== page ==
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RE: is there any formal commercial identity constraint cases

From: <noah_mendelsohn@us.ibm.com>
Date: Tue, 15 May 2007 15:09:44 -0400
To: "Michael Kay" <mike@saxonica.com>
Cc: "'Jones, Kevin'" <kevin.jones@intel.com>, xmlschema-dev@w3.org, "'Le, Yongnian'" <yongnian.le@intel.com>, "'Yu, Zhiqiang'" <zhiqiang.yu@intel.com>
Message-ID: <OF8F7DDCEA.870E439F-ON852572DC.0068AA9B-852572DC.0069203D@lotus.com>

Michael Kay writes:

> As far as I can see you are conjecturing performance 
> difficulties here with no real evidence. I don't think there is
> any reason to believe that the cost of validating identity 
> constraints is likely to be a significant obstacle to real applications.

My intuition matches Michael's, with a couple of minor caveats:

1) Just because one can build efficient id-constraint implementations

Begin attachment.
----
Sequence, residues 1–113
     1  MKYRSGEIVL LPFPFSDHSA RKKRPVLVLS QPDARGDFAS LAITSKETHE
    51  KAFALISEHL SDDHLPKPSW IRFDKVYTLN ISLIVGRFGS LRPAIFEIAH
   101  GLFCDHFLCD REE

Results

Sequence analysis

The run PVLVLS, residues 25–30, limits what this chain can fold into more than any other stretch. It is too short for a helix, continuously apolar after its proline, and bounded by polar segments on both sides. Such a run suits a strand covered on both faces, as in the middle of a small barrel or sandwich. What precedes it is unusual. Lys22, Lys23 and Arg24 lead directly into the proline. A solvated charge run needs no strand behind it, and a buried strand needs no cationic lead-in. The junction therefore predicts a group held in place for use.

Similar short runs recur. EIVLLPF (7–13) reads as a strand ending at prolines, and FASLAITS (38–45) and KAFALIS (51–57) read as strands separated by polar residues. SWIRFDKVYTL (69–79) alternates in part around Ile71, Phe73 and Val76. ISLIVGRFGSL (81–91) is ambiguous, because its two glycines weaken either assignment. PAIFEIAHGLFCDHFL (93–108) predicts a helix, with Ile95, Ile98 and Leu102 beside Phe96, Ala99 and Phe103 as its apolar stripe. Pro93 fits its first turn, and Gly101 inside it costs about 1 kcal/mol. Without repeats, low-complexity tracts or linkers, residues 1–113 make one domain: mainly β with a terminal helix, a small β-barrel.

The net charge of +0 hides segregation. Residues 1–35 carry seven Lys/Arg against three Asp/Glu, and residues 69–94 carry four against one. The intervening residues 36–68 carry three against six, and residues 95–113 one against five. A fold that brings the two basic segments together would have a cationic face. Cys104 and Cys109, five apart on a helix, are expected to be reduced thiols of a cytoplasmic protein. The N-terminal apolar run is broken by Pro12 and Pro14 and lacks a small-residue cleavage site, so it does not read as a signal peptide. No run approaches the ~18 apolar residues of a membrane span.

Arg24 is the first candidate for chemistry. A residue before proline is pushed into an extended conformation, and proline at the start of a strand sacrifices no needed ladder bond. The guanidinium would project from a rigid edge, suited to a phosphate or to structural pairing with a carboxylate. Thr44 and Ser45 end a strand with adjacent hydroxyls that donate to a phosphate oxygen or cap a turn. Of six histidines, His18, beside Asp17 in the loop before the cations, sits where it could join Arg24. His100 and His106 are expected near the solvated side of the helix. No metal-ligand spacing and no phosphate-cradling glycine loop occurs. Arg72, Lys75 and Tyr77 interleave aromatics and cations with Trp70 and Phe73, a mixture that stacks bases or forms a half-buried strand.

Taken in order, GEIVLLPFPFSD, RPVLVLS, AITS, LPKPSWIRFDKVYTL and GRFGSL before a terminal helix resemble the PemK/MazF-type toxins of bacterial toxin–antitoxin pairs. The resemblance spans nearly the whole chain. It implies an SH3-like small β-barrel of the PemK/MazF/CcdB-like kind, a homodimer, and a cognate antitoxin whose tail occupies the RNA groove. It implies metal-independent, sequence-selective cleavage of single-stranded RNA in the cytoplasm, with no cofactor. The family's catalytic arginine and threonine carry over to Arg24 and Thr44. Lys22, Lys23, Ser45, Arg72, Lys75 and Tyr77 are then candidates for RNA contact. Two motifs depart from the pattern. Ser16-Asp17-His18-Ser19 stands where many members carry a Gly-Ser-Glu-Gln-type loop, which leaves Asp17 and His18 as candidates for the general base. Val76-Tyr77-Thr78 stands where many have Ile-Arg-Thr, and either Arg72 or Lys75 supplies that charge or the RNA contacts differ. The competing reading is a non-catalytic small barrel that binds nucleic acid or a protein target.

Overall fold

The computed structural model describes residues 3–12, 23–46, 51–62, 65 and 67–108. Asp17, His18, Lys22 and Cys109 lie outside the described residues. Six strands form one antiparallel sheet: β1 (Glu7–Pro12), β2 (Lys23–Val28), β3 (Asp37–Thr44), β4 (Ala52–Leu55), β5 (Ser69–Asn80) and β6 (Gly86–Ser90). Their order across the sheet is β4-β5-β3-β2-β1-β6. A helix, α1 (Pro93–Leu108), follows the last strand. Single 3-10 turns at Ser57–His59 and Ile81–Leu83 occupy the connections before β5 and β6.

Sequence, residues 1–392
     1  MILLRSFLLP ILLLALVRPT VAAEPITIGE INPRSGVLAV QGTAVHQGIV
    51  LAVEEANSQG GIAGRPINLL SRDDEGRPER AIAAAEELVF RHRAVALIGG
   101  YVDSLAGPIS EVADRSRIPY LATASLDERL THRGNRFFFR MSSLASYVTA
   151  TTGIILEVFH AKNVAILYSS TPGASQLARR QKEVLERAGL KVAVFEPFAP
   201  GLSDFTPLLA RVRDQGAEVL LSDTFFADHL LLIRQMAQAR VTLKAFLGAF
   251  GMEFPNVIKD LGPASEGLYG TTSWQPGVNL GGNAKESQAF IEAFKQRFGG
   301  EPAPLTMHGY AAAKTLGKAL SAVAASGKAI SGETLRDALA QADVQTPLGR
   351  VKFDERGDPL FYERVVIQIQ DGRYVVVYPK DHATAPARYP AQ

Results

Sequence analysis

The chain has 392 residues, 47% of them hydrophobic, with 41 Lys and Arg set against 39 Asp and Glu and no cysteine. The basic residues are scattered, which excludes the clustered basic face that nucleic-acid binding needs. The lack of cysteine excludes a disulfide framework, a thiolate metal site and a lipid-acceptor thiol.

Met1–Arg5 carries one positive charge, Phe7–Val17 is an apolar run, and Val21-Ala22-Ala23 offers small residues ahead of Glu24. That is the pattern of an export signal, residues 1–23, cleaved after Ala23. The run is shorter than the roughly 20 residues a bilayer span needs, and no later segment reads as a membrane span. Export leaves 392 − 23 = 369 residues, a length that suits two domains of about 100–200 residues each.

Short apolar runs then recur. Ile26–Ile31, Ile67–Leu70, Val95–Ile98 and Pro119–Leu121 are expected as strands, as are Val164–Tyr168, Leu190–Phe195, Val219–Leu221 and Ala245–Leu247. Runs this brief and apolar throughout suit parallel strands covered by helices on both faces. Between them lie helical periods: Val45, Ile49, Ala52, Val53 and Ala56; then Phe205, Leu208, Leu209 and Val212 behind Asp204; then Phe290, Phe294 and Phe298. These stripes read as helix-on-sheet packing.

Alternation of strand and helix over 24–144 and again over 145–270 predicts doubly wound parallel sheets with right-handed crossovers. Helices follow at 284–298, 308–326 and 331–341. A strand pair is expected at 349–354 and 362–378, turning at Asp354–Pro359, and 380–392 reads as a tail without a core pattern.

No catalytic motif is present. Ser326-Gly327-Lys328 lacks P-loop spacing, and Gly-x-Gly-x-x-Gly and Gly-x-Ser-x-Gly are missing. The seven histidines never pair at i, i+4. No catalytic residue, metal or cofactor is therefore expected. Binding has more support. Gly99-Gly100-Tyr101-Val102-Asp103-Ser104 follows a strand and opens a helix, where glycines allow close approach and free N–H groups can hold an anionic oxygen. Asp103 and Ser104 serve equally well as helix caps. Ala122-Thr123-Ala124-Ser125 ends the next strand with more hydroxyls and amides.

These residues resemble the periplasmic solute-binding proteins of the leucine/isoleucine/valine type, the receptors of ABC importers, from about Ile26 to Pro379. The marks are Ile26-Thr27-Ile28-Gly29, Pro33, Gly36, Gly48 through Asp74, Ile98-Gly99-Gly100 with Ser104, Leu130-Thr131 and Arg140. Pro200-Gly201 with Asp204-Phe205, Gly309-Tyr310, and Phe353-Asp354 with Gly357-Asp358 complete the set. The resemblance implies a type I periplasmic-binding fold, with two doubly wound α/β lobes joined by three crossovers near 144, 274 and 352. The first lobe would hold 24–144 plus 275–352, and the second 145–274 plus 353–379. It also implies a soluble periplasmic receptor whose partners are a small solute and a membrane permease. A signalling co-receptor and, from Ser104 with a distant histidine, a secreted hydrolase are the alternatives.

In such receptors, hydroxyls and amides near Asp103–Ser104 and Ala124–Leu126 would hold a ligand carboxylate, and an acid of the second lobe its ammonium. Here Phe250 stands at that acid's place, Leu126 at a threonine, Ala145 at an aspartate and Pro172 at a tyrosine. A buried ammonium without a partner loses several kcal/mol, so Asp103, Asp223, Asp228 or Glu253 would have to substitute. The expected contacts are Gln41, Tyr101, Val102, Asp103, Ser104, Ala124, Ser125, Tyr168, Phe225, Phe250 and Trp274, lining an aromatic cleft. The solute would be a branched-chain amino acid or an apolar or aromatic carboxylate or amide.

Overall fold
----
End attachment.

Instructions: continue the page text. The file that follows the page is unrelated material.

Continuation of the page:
doesn't mean that any particular one you try to benchmark is built to be 
efficient.  Finding a slow implementation doesn't settle the question of 
whether the feature is inherently hard to optimize.  Finding a fast 
implementation at least shows what's possible.

2) I think it's clear that there are pathological uses of identity 
constraints that are likely to be slow.  For example, you could arrange in 
some schema and instance so that the keys would contain a significant 
fraction of the information in a document (a document that has mainly 
attributes, all of which are used in keys);  if the document were 
gigabytes long, then you could get gigabytes of key data.  I expect that 
many implementations will at least sometimes build key tables, and in a 
distorted example like this, those could get large and slow.  My intuition 
matches what I take to be Michael's position:  if you use id constraints 
in the obvious and intended ways, then the implementation overhead should 
be modest or negligible, for some definition of modest and negligible :-)


Noah Mendelsohn 
IBM Corporation
One Rogers Street
Cambridge, MA 02142
Received on Tuesday, 15 May 2007 19:09:35 UTC

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